Slashdot is powered by your submissions, so send in your scoop


Forgot your password?
Check out the new SourceForge HTML5 internet speed test! No Flash necessary and runs on all devices. ×

Submission + - Apple's Recycling Initiatives Recover $40 Million In Gold (

An anonymous reader writes: Apple released its latest annual environmental report yesterday with numbers detailing how much the company has been able to recover from old devices. Business Insider notes that Apple was able to recover over 61 million pounds of steel, aluminum, glass, and other materials from its computers and iPhones. This includes a total of 2,204 pounds of gold worth $40 million at current prices ($1,229.80 per troy ounce of gold). Cult of Mac ran the figures quoted by Apple through today's metal prices, and came up with individual figures for copper ($6.4 million), aluminum ($3.2 million), silver ($1.6 million), nickel ($160,426), zinc ($109,503), and lead ($33,999).

Australia's ISPs Speak Out Against Filtering 262

daria42 writes "The leaders of three of Australia's largest internet service providers — Telstra Media's Justin Milne, iiNet's Michael Malone and Internode's Simon Hackett — have, in video interviews with over the past few months, detailed technical, legal and ethical reasons why ISP-level filtering won't work. Critics of the policy also say that users will have no way to know what's being filtered."

Submission + - Software companies sues popular Australian forum ( 3

Pugzly writes: In a recent announcement on the Whirlpool front page, it appears that accounting software maker 2clix is sueing the founder of the forums as the founder "allowed statements 'relating to the Plaintiff and its software product that are both false and malicious' to be published on the Whirlpool forums."
Hopefully sanity will prevail, but it is the legal system...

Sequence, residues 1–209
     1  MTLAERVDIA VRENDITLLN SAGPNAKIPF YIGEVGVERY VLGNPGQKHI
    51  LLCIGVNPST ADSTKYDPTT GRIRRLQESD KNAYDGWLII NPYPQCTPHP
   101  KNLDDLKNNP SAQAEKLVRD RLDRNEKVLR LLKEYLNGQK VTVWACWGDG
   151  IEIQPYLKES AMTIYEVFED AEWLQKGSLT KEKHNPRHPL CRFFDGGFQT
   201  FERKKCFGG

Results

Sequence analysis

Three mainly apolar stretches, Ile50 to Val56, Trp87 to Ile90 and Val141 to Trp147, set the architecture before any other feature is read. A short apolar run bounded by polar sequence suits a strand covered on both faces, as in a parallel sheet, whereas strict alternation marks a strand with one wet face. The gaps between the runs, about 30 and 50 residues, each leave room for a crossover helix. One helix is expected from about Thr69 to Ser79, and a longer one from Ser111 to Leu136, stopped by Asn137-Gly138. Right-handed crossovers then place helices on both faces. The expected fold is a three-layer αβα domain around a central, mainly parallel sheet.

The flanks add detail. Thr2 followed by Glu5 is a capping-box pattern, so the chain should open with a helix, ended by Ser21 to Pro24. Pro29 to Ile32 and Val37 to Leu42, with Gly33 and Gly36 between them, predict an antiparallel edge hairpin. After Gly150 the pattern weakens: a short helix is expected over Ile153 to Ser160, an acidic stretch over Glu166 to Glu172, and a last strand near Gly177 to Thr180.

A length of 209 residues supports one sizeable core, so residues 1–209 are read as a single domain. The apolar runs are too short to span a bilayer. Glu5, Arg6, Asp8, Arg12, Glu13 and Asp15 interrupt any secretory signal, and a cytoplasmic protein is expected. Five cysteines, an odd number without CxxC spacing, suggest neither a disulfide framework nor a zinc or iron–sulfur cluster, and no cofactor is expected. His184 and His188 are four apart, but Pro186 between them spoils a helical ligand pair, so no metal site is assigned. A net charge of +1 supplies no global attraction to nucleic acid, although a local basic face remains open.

Comment Re:depends on the scope of the project (Score 3, Insightful) 72

No no no no no. :)

Whether you're working in a team or working by yourself: Use Subversion Anyway. Or svk. Or Darcs. Any reputable revision control system will kick the pants out of any ad-hoc solution you come up with. Revision control should be automatic and easy. The value of being able to easily merge changesets alone is reason enough for any non-trivial project. Keeping track of branches for experimental/delicate changes, tagging releases, LOG MESSAGES for all your changes - all of these things, use them, learn to love them. It's a bitch to get in the habit, but when you do it's absolutely worth it.

It's taken me over seven years to truly learn the worth of version control. These days I'd dare not live without it. It really is that good. Honest!

User Journal

Journal Journal: RAILS!

Oh. My. God.

Ruby on Rails.

I just started playing around with it tonight ... it took me around ten minutes with little prior Ruby experience and NO prior Rails experince to do what took me around two hours in PHP (a language I've been using for about six years, four years commercially).


Admittedly at the moment it's just a toy application. But at the very least, Ruby on Rails has earned it's place in my heart as a rapid prototyping tool.

User Journal

Journal Journal: XUL/XPCOM+PHP vs. Applets+PHP

Hmm ... maybe it's time I started writing in this Slashdot journal thing of mine. I mean, god, it's only been three years or so since I've registered with Slashdot.

Slashdot Top Deals

Mediocrity finds safety in standardization. -- Frederick Crane